The traditional almond cookie, beloved by pastry connoisseurs the world over, is "un-refined" a little in this rustic, earthy rendition. (Shell recipe has been adapted from "Sugar Baby" (2011) by Gesine Bullock-Prado) —PieceOfLayerCake
Line two sheet pans with parchment paper, lightly spray with nonstick spray and set aside. Combine the walnuts, confectioners' sugar and meringue powder in the bowl of a food processor and blend until the mixture has completely broken down into a very fine meal, 2 - 3 minutes, stopping to scrape the work bowl a couple times with a rubber spatula. Sift the meal into a large bowl, through a fine-mesh strainer, returning any fragments that didn't pass through back to the food processor. Repeat the process until all of the ingredients are successfully sifted (a few little bits remaining in the strainer are ok). Add the salt and toss lightly to combine.
Combine ¼ c. of the water and the granulated sugar in a small saucepan and set over medium heat. Place the egg whites in the bowl of a stand mixer fitted with the whisk attachment. When the sugar has dissolved and the mixture begins to bubble, attach a candy thermometer to the side of the pan. When the temperature reaches 230°F, begin mixing the egg whites on medium speed. As the temperature on the sugar syrup reaches 240°F, remove it from the heat. Raise the speed on the egg whites to medium-high and beat until the meringue achieves soft peaks. Lower the speed to medium-low and slowly stream in the hot sugar syrup. Attempt to pour the sugar syrup as close to the edge of the meringue as possible, without coating the side of the bowl, and without hitting the whisk as it beats. When all of your sugar syrup has been added, crank the mixer speed to high and beat until the meringue achieves stiff peaks, and the bowl is barely warm to the touch.
Add the remaining ¼ c. water to the walnut mixture and stir with a spatula until you have a uniform paste. Take ½ c. or so of the stiff meringue and vigorously stir (I use my hand) it into the walnut mixture. You're looking to lighten the stiff paste up a bit, so the rest of the meringue will be easier to incorporate. Using the rubber spatula, gently fold in the rest of the meringue, a little at a time, until you have a batter, that falls into silken ribbons on itself then gradually disappears into the mass (You may not need all of the meringue for this).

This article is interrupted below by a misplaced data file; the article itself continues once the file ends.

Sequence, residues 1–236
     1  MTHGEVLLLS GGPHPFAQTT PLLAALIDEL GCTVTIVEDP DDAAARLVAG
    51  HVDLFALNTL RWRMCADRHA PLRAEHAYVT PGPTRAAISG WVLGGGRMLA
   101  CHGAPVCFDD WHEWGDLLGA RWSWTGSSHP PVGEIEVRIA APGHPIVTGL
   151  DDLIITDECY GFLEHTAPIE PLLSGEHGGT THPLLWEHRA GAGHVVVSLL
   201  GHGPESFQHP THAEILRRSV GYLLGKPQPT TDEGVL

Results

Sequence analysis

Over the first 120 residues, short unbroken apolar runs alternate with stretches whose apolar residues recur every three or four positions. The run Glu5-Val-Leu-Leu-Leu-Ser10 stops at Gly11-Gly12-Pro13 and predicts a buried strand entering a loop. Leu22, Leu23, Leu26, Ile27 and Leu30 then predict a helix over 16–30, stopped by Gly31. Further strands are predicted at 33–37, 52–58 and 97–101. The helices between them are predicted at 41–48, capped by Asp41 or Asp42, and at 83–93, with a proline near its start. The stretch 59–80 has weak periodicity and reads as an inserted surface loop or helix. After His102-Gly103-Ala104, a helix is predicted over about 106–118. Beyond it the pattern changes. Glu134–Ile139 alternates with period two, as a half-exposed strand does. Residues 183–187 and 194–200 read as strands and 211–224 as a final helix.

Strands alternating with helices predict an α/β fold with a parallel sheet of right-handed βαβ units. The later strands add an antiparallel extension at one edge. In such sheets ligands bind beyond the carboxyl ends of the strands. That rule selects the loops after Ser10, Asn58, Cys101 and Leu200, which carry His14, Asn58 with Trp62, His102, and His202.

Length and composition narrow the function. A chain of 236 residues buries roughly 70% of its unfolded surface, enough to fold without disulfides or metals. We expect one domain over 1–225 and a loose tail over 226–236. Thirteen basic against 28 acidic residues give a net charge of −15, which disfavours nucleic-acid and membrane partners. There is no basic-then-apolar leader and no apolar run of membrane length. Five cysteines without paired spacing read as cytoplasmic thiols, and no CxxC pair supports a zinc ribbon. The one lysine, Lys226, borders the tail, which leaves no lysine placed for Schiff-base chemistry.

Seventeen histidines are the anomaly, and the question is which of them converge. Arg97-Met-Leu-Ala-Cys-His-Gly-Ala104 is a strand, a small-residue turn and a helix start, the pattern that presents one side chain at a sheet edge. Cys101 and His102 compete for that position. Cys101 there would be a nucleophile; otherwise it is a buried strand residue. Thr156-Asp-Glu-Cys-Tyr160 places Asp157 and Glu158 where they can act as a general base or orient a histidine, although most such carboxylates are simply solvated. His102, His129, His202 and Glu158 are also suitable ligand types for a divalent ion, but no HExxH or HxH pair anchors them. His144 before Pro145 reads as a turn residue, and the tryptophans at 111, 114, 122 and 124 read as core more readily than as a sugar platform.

Using a pastry bag, fitted with a large round tip, pipe the macaron batter into quarter-sized rounds, spaced ½" apart, onto the prepared sheet pans. Lift the pans and give them a few, quick taps on the counter to settle the texture and dislodge any air bubbles (If you notice you're left with any peaks on the shells, you can gently press them down with a wet finger). Set the sheet pans aside to rest, at room temperature for at least 20 minutes. Preheat the oven to 275°F (If you have a convection feature on the oven, now would be a good time to use it).
Bake the shells for 12 - 15 minutes, rotating the pans once for even baking. Remove them from the oven and allow to cool completely on the pans. Unfilled shells keep well in an airtight container, for 2 weeks. Return to room temperature before filling and serving.
To make the buttercream, combine the butter and confectioners' sugar in the bowl of a stand mixer fitted with the paddle attachment and beat on medium-low speed until combined. Raise the speed to medium-high and beat until the mixture is smooth and creamy. Add the maple syrup and salt and beat on medium-high speed until the buttercream is rich and fluffy.
To fill the cooled macaron shells, pipe a dime sized dollop of buttercream onto one shell, top with another and very gently press them together. Serve immediately. Leftover filled macaron keep airtight, at room temperature, for 1 - 2 days max.